When one attempts to sell a house, it can suddenly seem as though a structure that one once knew becomes a strange demon. When we live in them, a home’s various issues can easily become forgotten as we gradually grow used to something that, in someone else’s eyes, exists as a serious problem. These problems – which may have existed for years completely unnoticed – become readily apparent as soon as a home goes up for sale. It is a sad fact that many otherwise highly desirable houses can moulder on the market due to preventable or fixable issues.
Today, we are presenting the second of articles on major turn-offs for folks interested in purchasing houses. In our last article, we went into some detail on home orders and septic systems. In this article, we will discuss two more issues that must be taken care of if you wish to sell your home for its true value – or at all.
Water: The Wellspring of Life
Do you know where the water in your home comes from? The city’s supply? A well? If you’re scratching your head regarding the answer to this question, then it is strongly advisable that you do some quick research to unearth the answer.
Many homes, especially older ones or ones in rural areas, receive their water supply from a well located on the property. While many people tout the health benefits of wells, there are also some possible health issues connected with well water. If your home does receive its water from a well, it is essential that you have it inspected before putting your home on the market. This inspection will tell you if the well is functioning as it should and if the water is safe for consumption.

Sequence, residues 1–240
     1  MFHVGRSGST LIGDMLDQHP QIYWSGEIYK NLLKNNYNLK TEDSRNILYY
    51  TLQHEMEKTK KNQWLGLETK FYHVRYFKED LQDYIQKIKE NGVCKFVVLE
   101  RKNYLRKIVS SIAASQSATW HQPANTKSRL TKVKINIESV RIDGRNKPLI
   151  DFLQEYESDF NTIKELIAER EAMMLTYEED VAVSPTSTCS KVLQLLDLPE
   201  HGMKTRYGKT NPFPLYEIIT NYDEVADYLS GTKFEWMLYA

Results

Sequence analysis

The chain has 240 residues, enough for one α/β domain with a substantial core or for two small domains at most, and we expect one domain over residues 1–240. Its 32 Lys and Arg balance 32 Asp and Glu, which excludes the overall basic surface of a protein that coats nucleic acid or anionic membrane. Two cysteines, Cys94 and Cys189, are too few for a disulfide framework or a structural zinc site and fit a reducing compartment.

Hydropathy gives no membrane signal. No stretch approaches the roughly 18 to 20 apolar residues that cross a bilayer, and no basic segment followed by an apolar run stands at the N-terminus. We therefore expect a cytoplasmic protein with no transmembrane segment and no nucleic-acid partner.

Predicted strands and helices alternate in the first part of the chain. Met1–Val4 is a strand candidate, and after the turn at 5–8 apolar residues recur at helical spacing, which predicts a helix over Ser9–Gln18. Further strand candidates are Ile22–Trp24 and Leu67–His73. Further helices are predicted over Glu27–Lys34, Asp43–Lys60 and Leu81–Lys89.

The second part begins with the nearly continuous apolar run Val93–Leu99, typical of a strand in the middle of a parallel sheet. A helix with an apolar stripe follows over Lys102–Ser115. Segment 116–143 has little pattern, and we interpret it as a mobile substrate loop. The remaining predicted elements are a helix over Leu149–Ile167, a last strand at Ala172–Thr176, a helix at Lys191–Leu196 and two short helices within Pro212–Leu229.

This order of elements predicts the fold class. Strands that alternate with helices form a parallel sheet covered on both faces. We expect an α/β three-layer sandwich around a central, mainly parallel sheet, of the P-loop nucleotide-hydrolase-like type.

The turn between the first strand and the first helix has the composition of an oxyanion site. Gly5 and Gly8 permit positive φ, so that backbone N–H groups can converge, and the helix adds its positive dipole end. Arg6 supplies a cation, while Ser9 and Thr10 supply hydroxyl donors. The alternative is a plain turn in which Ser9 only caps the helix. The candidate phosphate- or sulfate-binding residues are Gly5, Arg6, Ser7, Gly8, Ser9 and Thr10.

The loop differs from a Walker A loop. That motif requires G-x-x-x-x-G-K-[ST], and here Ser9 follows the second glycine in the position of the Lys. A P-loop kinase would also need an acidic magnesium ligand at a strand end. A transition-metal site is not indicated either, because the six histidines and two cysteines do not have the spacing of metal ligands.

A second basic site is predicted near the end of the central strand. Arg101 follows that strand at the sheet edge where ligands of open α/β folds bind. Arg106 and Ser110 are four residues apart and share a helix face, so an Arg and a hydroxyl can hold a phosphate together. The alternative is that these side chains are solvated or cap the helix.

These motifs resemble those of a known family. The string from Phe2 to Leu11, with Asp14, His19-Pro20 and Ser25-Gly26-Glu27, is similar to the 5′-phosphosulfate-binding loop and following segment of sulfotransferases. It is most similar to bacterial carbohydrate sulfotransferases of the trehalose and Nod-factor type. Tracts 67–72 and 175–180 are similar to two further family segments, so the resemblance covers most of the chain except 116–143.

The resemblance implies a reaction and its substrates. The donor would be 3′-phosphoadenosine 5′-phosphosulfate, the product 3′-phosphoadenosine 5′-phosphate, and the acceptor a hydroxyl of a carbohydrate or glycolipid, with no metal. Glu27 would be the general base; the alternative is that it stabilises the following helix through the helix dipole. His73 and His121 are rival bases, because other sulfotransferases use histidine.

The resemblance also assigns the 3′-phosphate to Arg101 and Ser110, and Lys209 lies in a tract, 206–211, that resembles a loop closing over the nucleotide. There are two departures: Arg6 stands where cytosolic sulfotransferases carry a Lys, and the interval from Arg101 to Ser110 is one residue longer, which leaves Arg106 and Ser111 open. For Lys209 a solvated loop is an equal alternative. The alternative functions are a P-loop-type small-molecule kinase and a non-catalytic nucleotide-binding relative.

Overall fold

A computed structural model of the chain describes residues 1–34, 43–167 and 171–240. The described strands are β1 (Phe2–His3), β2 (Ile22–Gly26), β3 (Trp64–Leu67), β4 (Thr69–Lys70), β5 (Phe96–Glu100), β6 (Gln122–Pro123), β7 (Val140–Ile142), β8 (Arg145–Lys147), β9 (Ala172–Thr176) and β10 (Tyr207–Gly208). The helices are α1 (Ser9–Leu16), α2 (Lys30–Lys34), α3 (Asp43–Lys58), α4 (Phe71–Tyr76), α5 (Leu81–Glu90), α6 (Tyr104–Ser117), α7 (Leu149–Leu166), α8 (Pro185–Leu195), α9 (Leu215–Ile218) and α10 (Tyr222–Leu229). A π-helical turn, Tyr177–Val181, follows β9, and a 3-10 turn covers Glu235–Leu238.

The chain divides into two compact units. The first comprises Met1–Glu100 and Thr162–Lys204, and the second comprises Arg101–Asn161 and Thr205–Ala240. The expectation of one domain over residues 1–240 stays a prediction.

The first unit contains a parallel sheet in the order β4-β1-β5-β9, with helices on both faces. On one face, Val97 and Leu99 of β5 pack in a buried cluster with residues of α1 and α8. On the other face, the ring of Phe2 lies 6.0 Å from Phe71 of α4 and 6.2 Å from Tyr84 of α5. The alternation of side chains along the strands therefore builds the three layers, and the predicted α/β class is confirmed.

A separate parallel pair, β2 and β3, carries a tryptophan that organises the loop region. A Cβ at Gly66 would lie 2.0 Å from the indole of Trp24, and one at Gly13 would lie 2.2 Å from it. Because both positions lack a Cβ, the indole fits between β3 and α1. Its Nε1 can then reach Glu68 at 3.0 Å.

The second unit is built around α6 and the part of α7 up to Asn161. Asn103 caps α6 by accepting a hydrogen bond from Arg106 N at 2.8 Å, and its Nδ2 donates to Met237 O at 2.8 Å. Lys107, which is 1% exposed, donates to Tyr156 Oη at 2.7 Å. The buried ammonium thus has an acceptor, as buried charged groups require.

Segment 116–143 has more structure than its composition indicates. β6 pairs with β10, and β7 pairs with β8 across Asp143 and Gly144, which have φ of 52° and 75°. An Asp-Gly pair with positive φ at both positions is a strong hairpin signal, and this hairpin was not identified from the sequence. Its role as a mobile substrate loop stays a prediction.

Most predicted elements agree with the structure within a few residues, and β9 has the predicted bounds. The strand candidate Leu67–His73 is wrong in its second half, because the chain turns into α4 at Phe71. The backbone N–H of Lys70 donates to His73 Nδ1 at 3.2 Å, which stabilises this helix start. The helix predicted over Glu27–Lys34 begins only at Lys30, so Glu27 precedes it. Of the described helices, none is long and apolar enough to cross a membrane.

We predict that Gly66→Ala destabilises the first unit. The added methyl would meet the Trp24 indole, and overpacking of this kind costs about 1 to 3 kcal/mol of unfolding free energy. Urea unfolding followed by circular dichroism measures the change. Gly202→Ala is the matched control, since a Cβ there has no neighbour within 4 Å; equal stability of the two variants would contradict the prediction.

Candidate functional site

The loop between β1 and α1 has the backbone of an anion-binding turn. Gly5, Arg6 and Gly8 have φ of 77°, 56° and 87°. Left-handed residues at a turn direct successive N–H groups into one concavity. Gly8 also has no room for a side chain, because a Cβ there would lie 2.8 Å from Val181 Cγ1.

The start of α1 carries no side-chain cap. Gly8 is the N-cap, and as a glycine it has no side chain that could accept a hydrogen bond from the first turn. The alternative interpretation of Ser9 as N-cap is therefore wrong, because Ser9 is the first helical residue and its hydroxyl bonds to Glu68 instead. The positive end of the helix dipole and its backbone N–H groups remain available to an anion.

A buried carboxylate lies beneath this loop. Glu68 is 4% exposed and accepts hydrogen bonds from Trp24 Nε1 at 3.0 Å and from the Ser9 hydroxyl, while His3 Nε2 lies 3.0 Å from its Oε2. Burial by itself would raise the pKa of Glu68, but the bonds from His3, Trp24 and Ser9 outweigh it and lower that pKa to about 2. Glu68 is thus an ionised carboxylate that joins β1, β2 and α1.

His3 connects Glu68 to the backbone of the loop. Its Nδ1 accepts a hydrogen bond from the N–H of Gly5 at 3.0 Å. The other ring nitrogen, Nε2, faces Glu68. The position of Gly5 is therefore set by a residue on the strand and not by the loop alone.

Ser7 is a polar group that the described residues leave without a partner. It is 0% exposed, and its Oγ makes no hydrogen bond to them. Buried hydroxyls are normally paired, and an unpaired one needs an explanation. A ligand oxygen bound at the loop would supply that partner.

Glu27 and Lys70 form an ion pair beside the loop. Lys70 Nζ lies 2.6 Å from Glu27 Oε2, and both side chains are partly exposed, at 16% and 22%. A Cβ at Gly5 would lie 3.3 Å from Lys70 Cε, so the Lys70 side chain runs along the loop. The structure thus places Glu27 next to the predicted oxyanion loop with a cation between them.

Why should you do this? Because if you have a well that needs repairs or is producing tainted water, almost no loan officer will help a prospective buyer to secure the needed funds to purchase the property.
There is no escaping the fact that animals like bugs and rodents will often seek out man-made structures for shelter. From one perspective, you could see this as nature’s way of complimenting us on a construction job well done. From another perspective, it is a health and structural hazard waiting to erupt.
While most homes have a small amount of pests residing within, there is a clear threshold for how much is too much. Similarly, while certain critters like ants don’t do much to rile up most people, the sight of termites, rats, bats, and mice are almost guaranteed to turn away even the most optimistic of home shoppers.
While the up-front expense of having a home inspected for pest control purposes is definitely not something anyone wants to pay for, it is essential if you hope to sell your home for what it is otherwise worth.
In short, hiring professionals to examine the quality of your water as well as rid your home of any pest infestations are two essential tasks if one is attempting to remain competitive in the home-selling market.